ABSTRACT: The functional organization of the brain in segregated neuronal networks has become a leading paradigm in the study of brain diseases. Diffusion tensor imaging (DTI) allows testing the validity and clinical utility of this paradigm on the structural connectivity level. DTI in Alzheimer's disease (AD) suggests a selective impairment of intracortical projecting fiber tracts underlying the functional disorganization of neuronal networks supporting memory and other cognitive functions. These findings have already been tested for their utility as clinical markers of AD in large multicenter studies. Affective disorders, including major depressive disorder (MDD) and bipolar disorder (BP), show a high comorbidity with AD in geriatric populations and may even have a pathogenetic overlap with AD. DTI studies in MDD and BP are still limited to small-scale monocenter studies, revealing subtle abnormalities in cortico-subcortial networks associated with affect regulation and reward/aversion control. The clinical utility of these findings remains to be further explored. The present paper presents the methodological background of diffusion imaging, including DTI and diffusion spectrum imaging, and discusses key findings in AD and affective disorders. The results of our review strongly point toward the necessity of large-scale multicenter multimodal transnosological networks to study the structural and functional basis of neuronal disconnection underlying different neuropsychiatric diseases.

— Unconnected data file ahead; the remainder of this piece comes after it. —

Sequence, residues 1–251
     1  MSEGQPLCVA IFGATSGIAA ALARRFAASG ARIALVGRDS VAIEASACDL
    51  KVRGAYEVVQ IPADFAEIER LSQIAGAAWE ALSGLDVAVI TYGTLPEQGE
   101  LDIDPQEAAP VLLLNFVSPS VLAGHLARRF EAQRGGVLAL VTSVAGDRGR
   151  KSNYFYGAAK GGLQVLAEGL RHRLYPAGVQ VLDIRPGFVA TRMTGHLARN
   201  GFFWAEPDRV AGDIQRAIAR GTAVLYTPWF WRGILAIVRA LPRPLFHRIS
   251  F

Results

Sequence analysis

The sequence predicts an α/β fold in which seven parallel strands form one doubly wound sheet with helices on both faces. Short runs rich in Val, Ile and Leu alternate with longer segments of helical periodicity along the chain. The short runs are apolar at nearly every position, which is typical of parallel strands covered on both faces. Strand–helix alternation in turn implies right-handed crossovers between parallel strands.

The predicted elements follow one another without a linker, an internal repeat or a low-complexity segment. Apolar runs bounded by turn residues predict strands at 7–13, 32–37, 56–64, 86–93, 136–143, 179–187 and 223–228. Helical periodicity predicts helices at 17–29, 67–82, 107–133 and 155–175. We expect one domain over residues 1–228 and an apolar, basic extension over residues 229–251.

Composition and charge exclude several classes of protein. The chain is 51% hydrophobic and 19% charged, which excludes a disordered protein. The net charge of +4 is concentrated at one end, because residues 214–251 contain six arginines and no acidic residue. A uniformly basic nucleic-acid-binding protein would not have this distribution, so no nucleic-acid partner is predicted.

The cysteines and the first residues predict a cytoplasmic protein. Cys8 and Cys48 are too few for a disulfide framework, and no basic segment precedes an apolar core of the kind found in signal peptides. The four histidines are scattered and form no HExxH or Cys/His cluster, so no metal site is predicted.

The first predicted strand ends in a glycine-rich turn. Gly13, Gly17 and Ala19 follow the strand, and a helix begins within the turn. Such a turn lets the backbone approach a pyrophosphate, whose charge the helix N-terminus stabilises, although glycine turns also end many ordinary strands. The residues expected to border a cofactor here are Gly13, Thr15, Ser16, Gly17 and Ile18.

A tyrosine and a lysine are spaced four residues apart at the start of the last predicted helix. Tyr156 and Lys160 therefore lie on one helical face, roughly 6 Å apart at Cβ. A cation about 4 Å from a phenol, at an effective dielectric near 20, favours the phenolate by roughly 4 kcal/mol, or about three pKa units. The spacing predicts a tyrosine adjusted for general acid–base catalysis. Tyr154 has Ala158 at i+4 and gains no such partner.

European Archives of Psychiatry and Clinical Neuroscience 03/2014; · 2.75 Impact Factor
  • [Show abstract] [Hide abstract]
    ABSTRACT: Combining datasets across independent studies can boost statistical power by increasing the numbers of observations and can achieve more accurate estimates of effect sizes. This is especially important for genetic studies where a large number of observations are required to obtain sufficient power to detect and replicate genetic effects. There is a need to develop and evaluate methods for joint-analytical analyses of rich datasets collected in imaging genetics studies. The ENIGMA-DTI consortium is developing and evaluating approaches for obtaining pooled estimates of heritability through meta-and mega-genetic analytical approaches, to estimate the general additive genetic contributions to the intersubject variance in fractional anisotropy (FA) measured from diffusion tensor imaging (DTI). We used the ENIGMA-DTI data harmonization protocol for uniform processing of DTI data from multiple sites. We evaluated this protocol in five family-based cohorts providing data from a total of 2248 children and adults (ages: 9-85) collected with various imaging protocols. We used the imaging genetics analysis tool, SOLAR-Eclipse, to combine twin and family data from Dutch, Australian and Mexican-American cohorts into one large "mega-family". We showed that heritability estimates may vary from one cohort to another. We used two meta-analytical (the sample-size and standard-error weighted) approaches and a mega-genetic analysis to calculate heritability estimates across-population. We performed leave-one-out analysis of the joint estimates of heritability, removing a different cohort each time to understand the estimate variability. Overall, meta- and mega-genetic analyses of heritability produced robust estimates of heritability.
    NeuroImage 03/2014; · 6.25 Impact Factor